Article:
W3C home > Mailing lists > Public > ietf-http-wg-old@w3.org > January to April 1996

Re: Digest Auth defending against replay

From: <hallam@w3.org>
Date: Tue, 27 Feb 96 14:59:46 -0500
Message-Id: <9602271959.AA08543@zorch.w3.org>
To: Paul Leach <paulle@microsoft.com>
Cc: hallam@w3.org, john@math.nwu.edu, http-wg%cuckoo.hpl.hp.com@hplb.hpl.hp.com, hallam@w3.org

Paul raised a question about the security of keyed MD5. I don't have my files
avaliable because I'm at home recovering from a root canal which I had this mo
morning. so This is from memory:

We have discussed keyed digests at length in ron Rivest's reading group
on a number of occasions. There are a number of concerns.

1) Construction of a MAC with a digest function was not an anticipated
	use of a digest. Hence there are a number of weaknesses which
	could have been avoided if anticipated.

The most serious of these is the fact that the MD5 datapath is 128 bits,
the same as its output. This means that there are a number of collision attacks
which are not serious for the digital signature applications MD5 is designed for
but are serious for keyed digest, in particular there are a sequence of prefix 
and appending attacks.

This means that for most purposes one should "seal" the MAC using a one way
function. this is essentially where the MD5( MD5(x)) type constructions
appear. For reasons which I don't want to go into without a blackboard there
are padding and ordering constraints on the MAC construction which one
would like to use.

2) there is no strong theoretical basis for most uses of keyed digests to
	produce a MAC.

This is where recent work by Ran Carnetti and Phil Rogaway is very interesting.
Ran has done a lot of interesting work which is very interesting. I don't
believe he is ready to publish yet.


I would ideally wish to replace the method of constucting the digest, except 
that at the moment I can't provide a very good theoretical ground for the
change. When I suggested the construction in the first place I knew rather less
about keyed digests than I do now. The current construction is fortunately
not too bad and until there is a clear consensus on the best replacement I
would prefer to delay making a change.

Another reason to delay making a change is that there are better methods of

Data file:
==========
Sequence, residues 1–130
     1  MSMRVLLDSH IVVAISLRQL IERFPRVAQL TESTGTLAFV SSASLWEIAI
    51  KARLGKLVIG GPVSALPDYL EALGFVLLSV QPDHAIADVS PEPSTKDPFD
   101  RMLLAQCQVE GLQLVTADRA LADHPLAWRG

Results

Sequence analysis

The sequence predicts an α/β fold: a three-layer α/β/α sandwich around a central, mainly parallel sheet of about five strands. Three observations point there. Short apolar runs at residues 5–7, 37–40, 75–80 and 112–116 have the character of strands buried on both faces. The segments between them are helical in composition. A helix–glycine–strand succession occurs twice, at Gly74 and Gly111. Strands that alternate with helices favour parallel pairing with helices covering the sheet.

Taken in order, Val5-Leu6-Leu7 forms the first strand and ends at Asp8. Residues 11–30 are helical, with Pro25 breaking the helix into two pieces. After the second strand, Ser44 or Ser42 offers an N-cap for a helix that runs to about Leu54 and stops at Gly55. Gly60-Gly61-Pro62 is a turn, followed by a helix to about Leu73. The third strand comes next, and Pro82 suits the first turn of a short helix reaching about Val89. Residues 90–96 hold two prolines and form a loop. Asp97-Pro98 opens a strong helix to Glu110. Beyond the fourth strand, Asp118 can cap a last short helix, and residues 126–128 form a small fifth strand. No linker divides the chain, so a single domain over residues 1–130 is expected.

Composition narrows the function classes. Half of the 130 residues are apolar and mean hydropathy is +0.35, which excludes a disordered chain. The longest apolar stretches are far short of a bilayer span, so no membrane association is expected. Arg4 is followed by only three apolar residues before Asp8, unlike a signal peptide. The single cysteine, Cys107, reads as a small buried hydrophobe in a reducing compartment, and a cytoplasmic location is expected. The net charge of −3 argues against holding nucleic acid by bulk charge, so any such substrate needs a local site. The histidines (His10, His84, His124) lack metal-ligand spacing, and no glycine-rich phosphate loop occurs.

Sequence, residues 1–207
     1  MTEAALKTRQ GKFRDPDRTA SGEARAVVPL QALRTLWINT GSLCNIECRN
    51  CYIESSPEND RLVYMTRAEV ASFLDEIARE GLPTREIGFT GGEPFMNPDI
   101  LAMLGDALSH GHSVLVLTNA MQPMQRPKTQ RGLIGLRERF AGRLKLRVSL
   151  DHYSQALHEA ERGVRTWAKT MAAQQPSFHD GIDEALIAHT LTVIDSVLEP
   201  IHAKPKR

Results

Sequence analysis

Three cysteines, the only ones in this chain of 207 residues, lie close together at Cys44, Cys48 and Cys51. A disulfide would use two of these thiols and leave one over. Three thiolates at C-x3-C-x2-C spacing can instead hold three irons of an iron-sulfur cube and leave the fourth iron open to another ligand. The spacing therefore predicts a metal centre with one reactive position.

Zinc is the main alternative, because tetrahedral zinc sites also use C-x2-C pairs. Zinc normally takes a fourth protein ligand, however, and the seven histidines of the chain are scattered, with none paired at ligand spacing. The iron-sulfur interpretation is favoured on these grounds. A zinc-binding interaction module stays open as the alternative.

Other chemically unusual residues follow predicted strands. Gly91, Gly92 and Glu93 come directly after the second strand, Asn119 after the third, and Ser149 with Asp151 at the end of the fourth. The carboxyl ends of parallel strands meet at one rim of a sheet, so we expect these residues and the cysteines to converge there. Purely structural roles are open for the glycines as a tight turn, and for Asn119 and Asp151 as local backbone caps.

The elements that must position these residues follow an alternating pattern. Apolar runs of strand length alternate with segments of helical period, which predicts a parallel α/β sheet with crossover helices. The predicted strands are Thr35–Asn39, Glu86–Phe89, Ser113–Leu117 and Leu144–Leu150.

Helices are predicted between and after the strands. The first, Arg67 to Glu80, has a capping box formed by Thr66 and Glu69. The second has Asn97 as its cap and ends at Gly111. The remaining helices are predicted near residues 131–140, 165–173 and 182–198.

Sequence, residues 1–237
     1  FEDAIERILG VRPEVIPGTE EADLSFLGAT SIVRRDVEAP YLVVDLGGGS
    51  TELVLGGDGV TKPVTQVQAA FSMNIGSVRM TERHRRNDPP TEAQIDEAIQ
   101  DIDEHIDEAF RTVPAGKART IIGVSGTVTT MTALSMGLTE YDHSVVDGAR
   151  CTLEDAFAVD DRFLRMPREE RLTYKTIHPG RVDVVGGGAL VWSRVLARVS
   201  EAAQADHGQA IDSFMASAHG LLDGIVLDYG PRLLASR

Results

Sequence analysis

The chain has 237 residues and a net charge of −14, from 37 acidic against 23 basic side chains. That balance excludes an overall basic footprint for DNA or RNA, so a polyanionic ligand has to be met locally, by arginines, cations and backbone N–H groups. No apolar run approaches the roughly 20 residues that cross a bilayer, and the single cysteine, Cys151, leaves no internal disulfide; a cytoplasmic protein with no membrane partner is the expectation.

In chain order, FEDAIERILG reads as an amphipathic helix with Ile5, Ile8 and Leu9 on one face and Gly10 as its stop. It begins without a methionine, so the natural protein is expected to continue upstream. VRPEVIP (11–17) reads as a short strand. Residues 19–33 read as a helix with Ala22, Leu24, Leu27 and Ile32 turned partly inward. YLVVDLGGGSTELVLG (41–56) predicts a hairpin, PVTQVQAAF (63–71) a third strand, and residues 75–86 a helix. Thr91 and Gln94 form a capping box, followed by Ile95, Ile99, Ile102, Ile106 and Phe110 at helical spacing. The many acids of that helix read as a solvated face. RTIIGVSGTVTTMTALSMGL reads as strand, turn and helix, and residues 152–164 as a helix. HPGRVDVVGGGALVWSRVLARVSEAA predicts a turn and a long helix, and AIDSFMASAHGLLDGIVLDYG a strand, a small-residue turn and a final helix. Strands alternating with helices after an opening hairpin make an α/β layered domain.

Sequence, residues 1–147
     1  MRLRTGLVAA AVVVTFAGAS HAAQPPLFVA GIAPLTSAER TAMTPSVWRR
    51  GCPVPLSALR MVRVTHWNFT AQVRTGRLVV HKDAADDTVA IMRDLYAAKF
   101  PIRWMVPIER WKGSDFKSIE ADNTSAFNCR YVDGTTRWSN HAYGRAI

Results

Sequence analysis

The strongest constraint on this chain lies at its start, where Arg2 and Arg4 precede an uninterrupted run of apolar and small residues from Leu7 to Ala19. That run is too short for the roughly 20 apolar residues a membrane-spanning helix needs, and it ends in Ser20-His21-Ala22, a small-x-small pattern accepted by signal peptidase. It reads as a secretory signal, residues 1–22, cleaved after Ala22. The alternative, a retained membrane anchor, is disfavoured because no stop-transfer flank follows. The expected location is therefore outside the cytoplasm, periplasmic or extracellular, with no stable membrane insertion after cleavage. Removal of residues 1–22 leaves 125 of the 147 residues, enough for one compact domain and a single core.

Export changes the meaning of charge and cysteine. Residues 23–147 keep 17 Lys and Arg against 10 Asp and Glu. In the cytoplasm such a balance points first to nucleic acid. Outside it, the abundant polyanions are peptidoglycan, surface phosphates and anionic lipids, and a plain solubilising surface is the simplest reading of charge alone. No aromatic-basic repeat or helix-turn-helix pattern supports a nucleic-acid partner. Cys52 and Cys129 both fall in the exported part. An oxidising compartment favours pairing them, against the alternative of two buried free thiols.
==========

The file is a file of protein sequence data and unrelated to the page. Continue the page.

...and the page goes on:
constructing MACs than using a keyed digest. One suggestion made by Ron
is to change the mysterious constants #01234567, #89ABCDEF which MD5 uses
to initialize its registers. This provided a much better theoretical basis 
for the soundness of the MAC. Another way would be to adapt the other set
of constants MD5 uses - the aditive constants on each round.

If people are happy with this approach we could specify KD5, a variant of
MD5 especially designed for use as a keyed digest. Recent work on MD5 makes
me think that we might be best to work on SHA or something similar.
SHA is also a varian of MD4 but some of the design decisions are more 
appealing - especially the longer key length. In the medium term we can
probably expect a new digest proposal to be made. Processor technology
has changed recently making a 64 bit working unit very appealing. 


To sumarise the problem is too many options and consequently I don't feel that
now is the time to make a change. I would like the spec to tie the method of
digest construction to the algorithm however. Ie we are mot using MD5 as the
MAC we are using a keyed digest based on MD%. If we used SHA the method of
constructing the digest would probably change.

In general a message digest is a function of one variable, a keyed digest
is a function of two variables. These are different things

		Phill
Received on Tuesday, 27 February 1996 12:02:10 EST

This archive was generated by hypermail pre-2.1.9 : Wednesday, 24 September 2003 06:31:47 EDT